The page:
Monday, December 19, 2011

Politics of power

I cracked open A History of the World in 100 Objects by Neil MacGregor (2010) on a friend's coffee table. In the chapter 'On King Den's Sandal Label' I scribbled down the following quotes:
So how do you lead and control a city or a state where most of the people don't know each other, and you can interact personally with only a very small percentage of the inhabitants? 
This United Egypt was one of the earliest societies that we can think of as a state in the modern sense, and, as one of its earliest leaders, King Den had to address all the problems of control and coordination that a modern state has to confront today.

This little label is the first image of a ruler in this history of humanity. It's striking, perhaps a bit disheartening, that, right at the beginning, the ruler wants to be shown as a commander-in-chief, conquering his foe. This is how, from earliest times, power has been projected through images, and there's something disturbingly familiar about it. 
The label-maker's job was, however, deadly serious: to keep his leader looking invincible and semi-divine, and to show that Den was the only man who could guarantee what Egyptians, like everybody else, wanted from their rulers — law and order.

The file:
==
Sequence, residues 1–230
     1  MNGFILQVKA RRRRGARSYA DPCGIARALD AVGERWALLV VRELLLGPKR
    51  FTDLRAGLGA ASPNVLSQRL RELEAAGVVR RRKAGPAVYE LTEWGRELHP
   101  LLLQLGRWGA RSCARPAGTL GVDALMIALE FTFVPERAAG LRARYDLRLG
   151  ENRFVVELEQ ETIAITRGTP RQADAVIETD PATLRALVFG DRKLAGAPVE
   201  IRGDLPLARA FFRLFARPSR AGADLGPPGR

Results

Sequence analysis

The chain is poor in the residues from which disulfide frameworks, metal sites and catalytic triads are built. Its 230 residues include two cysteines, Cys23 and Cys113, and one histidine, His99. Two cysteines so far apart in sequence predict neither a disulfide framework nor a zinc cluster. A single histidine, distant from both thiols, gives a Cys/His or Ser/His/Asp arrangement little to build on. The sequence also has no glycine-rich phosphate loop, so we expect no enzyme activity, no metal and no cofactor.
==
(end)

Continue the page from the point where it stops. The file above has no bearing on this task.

There are some early hieroglyphs scratched into the ivory which give us the name of King Den and, between him and the enemy, the chilling words 'they shall not exist'. This 'other' is going to be obliterated. All the tricks of savage political propaganda are already here — the ruler calm and victorious, set against the alien, defeated, misshapen enemy.

"I think they realized, as world leaders have realized throughout history, that nothing binds a nation and a people together quite so effectively as a foreign war against a common enemy, whether that enemy is real or manufactured."  — Troy Wilkinson

It's a discouragingly familiar strategy. You win hearts and minds at home by focusing on the threats from abroad, but the weapons that you need to crush the enemy also come in handy when you're dealing with domestic opponents. The political rhetoric of foreign aggression is backed up by very brisk policing at home.
The clichés are apparently  true:
The more things change, the more they stay the same.
        — French proverb 
Those who don't know history are destined to repeat it.
        — Edmund Burke

The author and Director of the British Museum, Neil MacGregor, has a radio series of A History of the World in 100 Objects on BBC radio. The 15 minute episode about King Den's Sandal Label can be listened to here.